Suffering from a sore throat or runny nose? For some people, that many mean opting to use antibiotics without seeing a doctor, a practice that health experts say may not help cure the disease and could help aggravate the problem of antibiotic-resistant germs.
A study published Monday in the journal Antimicrobial Agents and Chemotherapy concluded that many people are tempted to use antibiotics without a doctor’s prescription. They rely on drugs purchased from ethnic grocery or drug stores or the leftovers in their medicine cabinets, potentially contributing to the spread of antibiotic-resistant bacteria and causing damaging side effects.
“This kind of inappropriate use is very risky,” said Larissa Grigoryan, coauthor of the study and an instructor at the Baylor College of Medicine in Houston. “If you use antibiotics irresponsibly like this then resistance rates will increase.”
Between April and August last year, researchers surveyed 400 people in the waiting rooms of three primary care clinics around Houston, asking about their use of antibiotics in the past year. Two were public family medicine clinics serving diverse, mostly uninsured or underinsured patients. The third clinic served primarily managed care and privately insured patients. The survey participants were selected randomly to represent the racial and socioeconomic makeup of Harris County, one of the most populous counties in the state.
Researchers found that 5 percent of patients surveyed reported using antibiotics without prescriptions during the previous 12 months. However, 25 percent of the respondents said they were willing to use antibiotics if possible without contacting a medical professional. Fourteen percent stored antibiotics at home, most of which were left over from previous prescriptions. Those who stored antibiotics were 4.2 times more likely to indicate that they would use antibiotics without prescriptions.
The most common types included amoxicillin, azithromycin, ciprofloxacin and penicillin.
“The part that was most alarming is the percentage of people who say they would use antibiotics without contacting their doctors,” Grigoryan said.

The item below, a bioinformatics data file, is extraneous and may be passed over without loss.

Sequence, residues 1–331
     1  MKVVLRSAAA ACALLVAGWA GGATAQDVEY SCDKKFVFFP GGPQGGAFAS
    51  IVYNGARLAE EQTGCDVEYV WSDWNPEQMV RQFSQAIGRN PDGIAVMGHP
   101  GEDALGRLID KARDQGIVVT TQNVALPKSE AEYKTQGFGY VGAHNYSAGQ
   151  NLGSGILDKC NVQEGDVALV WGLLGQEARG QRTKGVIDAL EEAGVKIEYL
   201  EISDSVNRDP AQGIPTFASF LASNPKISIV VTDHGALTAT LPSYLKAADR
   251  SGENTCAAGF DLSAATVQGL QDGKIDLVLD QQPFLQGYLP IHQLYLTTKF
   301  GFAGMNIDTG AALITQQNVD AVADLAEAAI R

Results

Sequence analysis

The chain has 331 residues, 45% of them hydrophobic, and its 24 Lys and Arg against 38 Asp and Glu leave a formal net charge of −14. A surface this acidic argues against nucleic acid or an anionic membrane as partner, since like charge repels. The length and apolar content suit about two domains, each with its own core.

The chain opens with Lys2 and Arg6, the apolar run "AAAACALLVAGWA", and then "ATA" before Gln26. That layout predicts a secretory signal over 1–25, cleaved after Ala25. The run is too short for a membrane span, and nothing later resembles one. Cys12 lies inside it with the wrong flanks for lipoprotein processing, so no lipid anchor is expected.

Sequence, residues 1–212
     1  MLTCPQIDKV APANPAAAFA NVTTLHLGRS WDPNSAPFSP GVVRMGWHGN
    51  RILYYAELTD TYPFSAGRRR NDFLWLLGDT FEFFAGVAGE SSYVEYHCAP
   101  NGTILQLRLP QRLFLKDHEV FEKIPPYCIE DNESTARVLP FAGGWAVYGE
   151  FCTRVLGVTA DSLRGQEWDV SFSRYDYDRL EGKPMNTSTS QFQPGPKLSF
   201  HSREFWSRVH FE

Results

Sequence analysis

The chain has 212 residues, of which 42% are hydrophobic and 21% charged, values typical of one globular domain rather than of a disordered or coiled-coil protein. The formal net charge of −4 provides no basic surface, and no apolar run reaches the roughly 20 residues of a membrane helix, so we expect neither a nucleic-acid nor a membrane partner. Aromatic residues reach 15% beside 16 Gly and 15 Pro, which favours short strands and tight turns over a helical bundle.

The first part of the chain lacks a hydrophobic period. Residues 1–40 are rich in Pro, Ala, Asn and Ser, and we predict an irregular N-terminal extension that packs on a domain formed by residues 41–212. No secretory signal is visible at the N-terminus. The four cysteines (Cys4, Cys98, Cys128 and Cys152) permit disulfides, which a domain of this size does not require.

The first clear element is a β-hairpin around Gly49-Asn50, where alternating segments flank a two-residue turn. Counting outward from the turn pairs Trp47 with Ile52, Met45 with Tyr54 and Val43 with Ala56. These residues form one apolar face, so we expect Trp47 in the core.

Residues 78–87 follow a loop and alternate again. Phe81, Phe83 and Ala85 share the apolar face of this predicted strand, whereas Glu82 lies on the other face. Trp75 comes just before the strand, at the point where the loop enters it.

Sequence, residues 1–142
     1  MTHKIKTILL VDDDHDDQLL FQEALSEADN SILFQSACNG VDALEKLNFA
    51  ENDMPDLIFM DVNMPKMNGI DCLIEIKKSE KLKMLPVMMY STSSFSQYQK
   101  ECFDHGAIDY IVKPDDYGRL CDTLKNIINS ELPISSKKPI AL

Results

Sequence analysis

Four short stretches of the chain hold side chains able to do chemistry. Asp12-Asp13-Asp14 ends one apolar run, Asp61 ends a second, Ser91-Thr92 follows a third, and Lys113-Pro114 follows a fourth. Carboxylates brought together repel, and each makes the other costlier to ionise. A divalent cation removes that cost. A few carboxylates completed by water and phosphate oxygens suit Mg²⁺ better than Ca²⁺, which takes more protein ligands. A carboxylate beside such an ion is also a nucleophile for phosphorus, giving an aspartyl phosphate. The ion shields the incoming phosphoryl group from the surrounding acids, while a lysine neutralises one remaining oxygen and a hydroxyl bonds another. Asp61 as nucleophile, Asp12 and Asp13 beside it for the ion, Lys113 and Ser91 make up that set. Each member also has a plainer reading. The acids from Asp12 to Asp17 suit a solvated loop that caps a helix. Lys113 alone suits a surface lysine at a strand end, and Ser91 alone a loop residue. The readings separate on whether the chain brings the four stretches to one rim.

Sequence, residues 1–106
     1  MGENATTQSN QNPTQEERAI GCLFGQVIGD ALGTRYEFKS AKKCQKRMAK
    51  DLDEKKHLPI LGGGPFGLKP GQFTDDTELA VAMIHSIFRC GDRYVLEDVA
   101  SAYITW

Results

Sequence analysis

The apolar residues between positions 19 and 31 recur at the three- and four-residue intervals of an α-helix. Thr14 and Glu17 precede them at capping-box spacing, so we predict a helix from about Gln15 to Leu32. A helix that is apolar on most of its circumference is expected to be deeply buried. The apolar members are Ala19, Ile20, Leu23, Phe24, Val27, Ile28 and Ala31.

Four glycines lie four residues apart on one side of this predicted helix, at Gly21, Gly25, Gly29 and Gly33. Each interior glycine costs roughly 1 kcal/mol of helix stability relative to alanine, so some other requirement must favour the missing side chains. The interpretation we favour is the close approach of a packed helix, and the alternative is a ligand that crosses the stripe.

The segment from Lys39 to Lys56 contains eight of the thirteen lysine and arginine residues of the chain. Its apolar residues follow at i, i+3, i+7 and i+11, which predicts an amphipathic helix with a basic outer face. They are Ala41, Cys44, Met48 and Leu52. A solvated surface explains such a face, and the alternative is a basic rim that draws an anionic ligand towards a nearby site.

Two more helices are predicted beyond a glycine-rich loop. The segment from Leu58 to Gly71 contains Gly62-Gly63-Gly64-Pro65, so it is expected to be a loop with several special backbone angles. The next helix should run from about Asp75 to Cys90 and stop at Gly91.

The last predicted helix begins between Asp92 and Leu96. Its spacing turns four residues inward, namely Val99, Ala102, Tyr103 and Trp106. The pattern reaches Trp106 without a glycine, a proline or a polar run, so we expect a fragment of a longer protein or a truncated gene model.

Of the 5 percent who used non-prescription antibiotics, 40 percent of them purchased the drugs from pharmacies, even though such sales are illegal. Earlier studies have found that ethnic drug stores and groceries often sell antibiotics without prescriptions. Nearly a quarter of these people said they got the drugs from another country.
The patients also reported they got these medicines from relatives or friends.
According to the Centers for Disease Control and Prevention, antibiotic resistance causes more than 23,000 deaths per year in the United States with more than 2 million Americans infected with antibiotic-resistant pathogens.
Antibiotic resistance occurs when bacteria adapt to the drugs, rendering the antibiotics useless against fighting infections. That sometimes happens when consumers misuse antibiotics, such as not taking a full course of the drug regimen prescribed by a physician.
The use of non-prescription antibiotics was more likely among those who use public clinics. Grigoryan speculates that those patients might do so to save money. “One of the reasons might be the copay … they still have to pay to see a doctor,” Grigoryan said, adding that another reason could involve getting to a medical appointment. “They don’t have adequate transportation.”
According to the study, most patients wanted the antibiotics to treat respiratory symptoms, such as a cough, sore throat or sinus infection. Previous research has shown that such symptoms, though the most common reason for antibiotic prescription among adults, are often viral rather than bacterial. Antibiotics are not effective for viral infections such as a cold. Still, physicians have been known to prescribe antibiotics unnecessarily when pressured by patients.
Researchers said a solution is to rein in illegal over-the-counter antibiotic sales in pharmacies or local stores. But Grigoryan said the main strategy should be education. The CDC and its European counterpart have launched campaigns to raise public awareness.
“We really need to educate the public it is risky to take antibiotics without contacting a doctor,” Grigoryan said. “You don’t need antibiotics for a minor illness.”
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